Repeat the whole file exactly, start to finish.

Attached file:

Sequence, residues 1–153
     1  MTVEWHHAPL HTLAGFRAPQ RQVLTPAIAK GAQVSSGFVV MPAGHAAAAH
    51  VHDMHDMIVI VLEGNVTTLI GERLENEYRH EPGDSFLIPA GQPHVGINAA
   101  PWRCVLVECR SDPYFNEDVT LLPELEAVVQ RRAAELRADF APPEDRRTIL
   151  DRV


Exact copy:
Sequence, residues 1–153
     1  MTVEWHHAPL HTLAGFRAPQ RQVLTPAIAK GAQVSSGFVV MPAGHAAAAH
    51  VHDMHDMIVI VLEGNVTTLI GERLENEYRH EPGDSFLIPA GQPHVGINAA
   101  PWRCVLVECR SDPYFNEDVT LLPELEAVVQ RRAAELRADF APPEDRRTIL
   151  DRV